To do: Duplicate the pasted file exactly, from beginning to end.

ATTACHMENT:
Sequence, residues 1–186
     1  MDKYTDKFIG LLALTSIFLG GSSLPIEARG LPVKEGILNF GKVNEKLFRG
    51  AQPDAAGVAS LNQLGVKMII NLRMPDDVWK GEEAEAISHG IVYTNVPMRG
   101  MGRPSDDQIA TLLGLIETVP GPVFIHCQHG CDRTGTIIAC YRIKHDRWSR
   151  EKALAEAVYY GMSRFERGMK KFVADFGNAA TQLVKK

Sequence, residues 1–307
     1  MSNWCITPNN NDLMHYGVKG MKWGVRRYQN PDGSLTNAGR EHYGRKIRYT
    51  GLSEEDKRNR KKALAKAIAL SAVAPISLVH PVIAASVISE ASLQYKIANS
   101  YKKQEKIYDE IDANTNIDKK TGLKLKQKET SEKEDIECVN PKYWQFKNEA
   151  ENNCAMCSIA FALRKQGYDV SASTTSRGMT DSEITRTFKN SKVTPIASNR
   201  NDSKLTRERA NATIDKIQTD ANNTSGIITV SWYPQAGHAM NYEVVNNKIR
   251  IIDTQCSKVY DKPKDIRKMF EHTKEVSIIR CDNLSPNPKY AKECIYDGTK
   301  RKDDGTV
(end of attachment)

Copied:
Sequence, residues 1–186
     1  MDKYTDKFIG LLALTSIFLG GSSLPIEARG LPVKEGILNF GKVNEKLFRG
    51  AQPDAAGVAS LNQLGVKMII NLRMPDDVWK GEEAEAISHG IVYTNVPMRG
   101  MGRPSDDQIA TLLGLIETVP GPVFIHCQHG CDRTGTIIAC YRIKHDRWSR
   151  EKALAEAVYY GMSRFERGMK KFVADFGNAA TQLVKK

Sequence, residues 1–307
     1  MSNWCITPNN NDLMHYGVKG MKWGVRRYQN PDGSLTNAGR EHYGRKIRYT
    51  GLSEEDKRNR KKALAKAIAL SAVAPISLVH PVIAASVISE ASLQYKIANS
   101  YKKQEKIYDE IDANTNIDKK TGLKLKQKET SEKEDIECVN PKYWQFKNEA
   151  ENNCAMCSIA FALRKQGYDV SASTTSRGMT DSEITRTFKN SKVTPIASNR
   201  NDSKLTRERA NATIDKIQTD ANNTSGIITV SWYPQAGHAM NYEVVNNKIR
   251  IIDTQCSKVY DKPKDIRKMF EHTKEVSIIR CDNLSPNPKY AKECIYDGTK
   301  RKDDGTV